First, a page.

Should the CFP Format Be Changed?
The College Football Playoff was first implemented in the 2014-2015 college football season. Even though it’s been such a short run, many people are already calling for it to be changed. Most people like a playoff format rather than the AP deciding the top two teams to play in the championship game. The problem people have is the number of teams being in the playoff.
Rather than having only four teams in the playoff, there are proposals for a six-team or eight-team playoff and some people even suggest more teams. These proposals are intriguing, especially with the picks the CFP committee selects every year still being controversial. Teams are left out every year that are debatably worthy of a spot and there are no set criteria to make the playoff. Because of that, the demand for an expansion grows every year.
In 2020, the demand seems to be even higher with every conference playing a different number of games, the constant postponements or cancellations, players having to sit out and two Group of Five teams being at the top of the competition, BYU and Cincinnati. Looking back to UCF in 2018, they were left out of the CFP with a ranking of #8 and no team outside of the Power Five conferences have come closer. This year, both BYU and Cincinnati are higher ranked than UCF in 2018, yet they may not get the opportunity to play in the CFP simply because of their conference.
Even though I like the idea of a six or eight-team playoff and I think it will happen eventually, I believe a five-team playoff might be best right now. The CFP committee is skeptical of expanding to six or eight teams, so why not test it out first with a small step-up to five teams? This format would be the same as the MLB’s format. The fourth and fifth-ranked teams would play first to get into the semifinals. Whoever wins faces off against the top-ranked team and number two and three continue their matchup. It’s different and it’s a small change, but I think it might be the best option.
For one, it’s tougher to say that the two or four teams left out of the playoff every year are genuinely worthy of a spot. However, you can make an argument for almost all fifth-ranked teams in the past. This new format may even lead to different rankings or criteria, like giving more opportunities to Group of Five teams. If this format would’ve been implemented in the past, these would be the “wild card” matchups:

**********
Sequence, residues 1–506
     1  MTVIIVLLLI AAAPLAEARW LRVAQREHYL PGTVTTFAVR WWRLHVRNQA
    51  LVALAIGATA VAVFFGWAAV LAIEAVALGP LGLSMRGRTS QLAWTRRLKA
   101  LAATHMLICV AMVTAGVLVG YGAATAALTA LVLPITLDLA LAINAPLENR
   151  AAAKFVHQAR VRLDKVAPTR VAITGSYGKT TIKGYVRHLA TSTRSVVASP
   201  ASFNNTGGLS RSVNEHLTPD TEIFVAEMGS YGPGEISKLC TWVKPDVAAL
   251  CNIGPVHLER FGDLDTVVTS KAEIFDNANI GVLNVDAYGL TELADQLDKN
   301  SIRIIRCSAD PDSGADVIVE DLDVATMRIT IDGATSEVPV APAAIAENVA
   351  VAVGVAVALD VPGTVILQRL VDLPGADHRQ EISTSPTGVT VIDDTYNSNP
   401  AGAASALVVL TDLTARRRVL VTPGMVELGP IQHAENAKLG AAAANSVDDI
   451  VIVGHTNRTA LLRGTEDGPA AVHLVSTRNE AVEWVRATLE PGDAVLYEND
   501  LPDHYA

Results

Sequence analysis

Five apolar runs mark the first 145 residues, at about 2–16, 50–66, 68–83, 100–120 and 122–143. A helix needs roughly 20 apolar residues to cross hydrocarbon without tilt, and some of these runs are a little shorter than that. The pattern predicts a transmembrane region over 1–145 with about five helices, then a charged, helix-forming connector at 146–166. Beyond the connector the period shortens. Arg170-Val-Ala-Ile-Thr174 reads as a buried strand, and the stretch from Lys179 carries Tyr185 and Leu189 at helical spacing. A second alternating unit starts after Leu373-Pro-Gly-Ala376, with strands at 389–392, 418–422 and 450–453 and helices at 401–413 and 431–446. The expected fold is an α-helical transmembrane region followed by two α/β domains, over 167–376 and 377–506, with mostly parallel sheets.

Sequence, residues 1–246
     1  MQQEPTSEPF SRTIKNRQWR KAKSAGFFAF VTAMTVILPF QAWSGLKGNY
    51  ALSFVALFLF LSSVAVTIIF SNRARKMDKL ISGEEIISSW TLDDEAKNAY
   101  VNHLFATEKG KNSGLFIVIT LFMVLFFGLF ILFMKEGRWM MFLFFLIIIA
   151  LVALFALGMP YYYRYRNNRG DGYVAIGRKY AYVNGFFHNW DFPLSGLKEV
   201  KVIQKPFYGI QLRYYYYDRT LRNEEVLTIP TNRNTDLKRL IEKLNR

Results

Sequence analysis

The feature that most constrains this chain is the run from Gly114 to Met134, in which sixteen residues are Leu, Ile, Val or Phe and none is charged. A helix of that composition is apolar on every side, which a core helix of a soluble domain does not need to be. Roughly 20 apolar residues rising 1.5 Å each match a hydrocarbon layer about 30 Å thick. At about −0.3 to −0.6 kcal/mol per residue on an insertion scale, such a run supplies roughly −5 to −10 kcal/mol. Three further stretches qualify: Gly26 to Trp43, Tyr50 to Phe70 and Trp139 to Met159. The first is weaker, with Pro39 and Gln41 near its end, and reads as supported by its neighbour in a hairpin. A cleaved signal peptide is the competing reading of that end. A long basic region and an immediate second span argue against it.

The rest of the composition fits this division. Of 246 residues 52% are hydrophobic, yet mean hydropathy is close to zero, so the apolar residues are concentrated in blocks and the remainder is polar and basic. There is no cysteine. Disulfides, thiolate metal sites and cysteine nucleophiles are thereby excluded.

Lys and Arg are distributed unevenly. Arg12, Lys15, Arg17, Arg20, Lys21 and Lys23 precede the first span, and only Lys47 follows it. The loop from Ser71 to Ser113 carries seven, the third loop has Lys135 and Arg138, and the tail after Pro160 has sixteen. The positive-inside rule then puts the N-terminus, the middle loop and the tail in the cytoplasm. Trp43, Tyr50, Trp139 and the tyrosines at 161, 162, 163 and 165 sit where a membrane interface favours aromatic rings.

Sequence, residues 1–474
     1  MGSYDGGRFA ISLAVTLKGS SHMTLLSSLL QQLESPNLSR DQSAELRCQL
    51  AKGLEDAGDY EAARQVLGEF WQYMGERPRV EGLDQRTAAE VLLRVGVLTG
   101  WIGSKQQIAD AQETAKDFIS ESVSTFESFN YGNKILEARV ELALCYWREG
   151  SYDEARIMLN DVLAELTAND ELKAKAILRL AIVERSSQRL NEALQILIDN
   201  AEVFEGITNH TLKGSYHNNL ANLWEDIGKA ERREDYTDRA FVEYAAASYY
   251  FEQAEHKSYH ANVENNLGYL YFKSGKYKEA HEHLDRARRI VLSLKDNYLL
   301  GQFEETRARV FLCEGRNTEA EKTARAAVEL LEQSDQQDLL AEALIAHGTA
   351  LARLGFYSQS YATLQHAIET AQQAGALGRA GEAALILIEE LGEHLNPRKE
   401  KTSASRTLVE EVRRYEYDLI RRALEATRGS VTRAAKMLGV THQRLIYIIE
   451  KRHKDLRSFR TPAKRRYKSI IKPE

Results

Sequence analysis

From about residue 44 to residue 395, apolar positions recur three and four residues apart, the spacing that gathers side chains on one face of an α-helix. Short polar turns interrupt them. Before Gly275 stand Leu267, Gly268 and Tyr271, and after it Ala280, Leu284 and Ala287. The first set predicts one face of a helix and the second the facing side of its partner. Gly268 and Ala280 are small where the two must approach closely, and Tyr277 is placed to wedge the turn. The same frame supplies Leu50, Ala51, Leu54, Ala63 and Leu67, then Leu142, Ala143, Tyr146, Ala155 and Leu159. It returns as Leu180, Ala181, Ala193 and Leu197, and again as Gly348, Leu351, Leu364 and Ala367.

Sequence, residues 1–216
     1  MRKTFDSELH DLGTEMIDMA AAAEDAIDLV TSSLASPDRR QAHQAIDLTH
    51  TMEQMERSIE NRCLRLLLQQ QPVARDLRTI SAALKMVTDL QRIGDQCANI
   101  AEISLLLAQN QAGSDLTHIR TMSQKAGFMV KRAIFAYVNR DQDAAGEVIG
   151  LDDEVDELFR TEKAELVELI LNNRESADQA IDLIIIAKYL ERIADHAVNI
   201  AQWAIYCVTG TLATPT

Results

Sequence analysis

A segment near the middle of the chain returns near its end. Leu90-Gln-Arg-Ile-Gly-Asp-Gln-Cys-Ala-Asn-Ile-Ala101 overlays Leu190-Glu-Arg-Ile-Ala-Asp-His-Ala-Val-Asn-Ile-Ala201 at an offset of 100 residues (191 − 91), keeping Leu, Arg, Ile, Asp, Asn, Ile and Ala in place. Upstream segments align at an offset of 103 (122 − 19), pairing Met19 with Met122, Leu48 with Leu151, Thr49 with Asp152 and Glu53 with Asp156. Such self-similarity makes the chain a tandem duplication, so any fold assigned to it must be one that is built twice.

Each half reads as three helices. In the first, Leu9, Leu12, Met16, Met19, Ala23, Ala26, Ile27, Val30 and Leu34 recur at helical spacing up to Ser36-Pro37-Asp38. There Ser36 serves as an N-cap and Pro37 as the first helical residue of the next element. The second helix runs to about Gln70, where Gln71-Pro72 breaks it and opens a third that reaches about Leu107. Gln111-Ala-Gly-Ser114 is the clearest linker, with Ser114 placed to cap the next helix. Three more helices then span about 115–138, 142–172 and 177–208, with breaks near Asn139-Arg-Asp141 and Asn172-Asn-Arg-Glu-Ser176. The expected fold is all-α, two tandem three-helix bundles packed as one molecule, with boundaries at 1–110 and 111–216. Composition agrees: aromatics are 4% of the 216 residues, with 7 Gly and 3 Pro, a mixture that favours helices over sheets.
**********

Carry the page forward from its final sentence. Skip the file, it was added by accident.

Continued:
- 2014: #4 Ohio State vs. #5 Baylor
- 2015: #4 Oklahoma vs. #5 Iowa
- 2015: #4 Washington vs. #5 Penn State
- 2015: #4 Alabama vs. #5 Ohio State
- 2015: #4 Oklahoma vs. #5 Georgia
- 2015: #4 Oklahoma vs. #5 Georgia
I think some of these matchups may have been different if this rule was in effect, but the Alabama vs. Ohio State game is reason enough to make this change. If we’re trying to appeal to the CFP committee, this would be a great way to earn even more money. More people would be likely to watch this game than a bowl game with no impact on the championship. It might also make the #1 matchup more intriguing if the #5 team is better than the #4 team and wins the “wild card” game. In the four out of six games where the #1 team won, they won by an average margin of 20.75 points. Those games are not the exciting games we hope they will be. Any chance to give us more competitive games, I’ll take it.
Having an eight-team playoff gives more chances for blowout games and a six-team playoff creates two bye weeks that don’t work well with the long time off they already receive in bowl season. If we want to add the criteria we ask for you could even say each Power Five conference gets their champion in the playoff and the five seed can be a Group of Five team if they are undefeated and one Power Five champion has two or more losses. I think the criteria isn’t necessary, but this format opens up more opportunities for them to be established, like this example.
Lastly, this change can be easily made with bowl games. Currently, there is a rotation of six bowl games that host the semifinals, meaning these games can remain in the new rotation. Rather than two every year, it would be three every year. Yes, one would be left with the “wild card” game, but they would still get better ratings and more money than a non-CFP matchup would. There would be a rotation, too, so that everyone hosts that game an even amount.
Will this change ever happen? Probably not. But it’s still interesting to think about, especially in a year like 2020. More games are always better, so I’ll be happy with any change. What do you think the CFP should do in the future?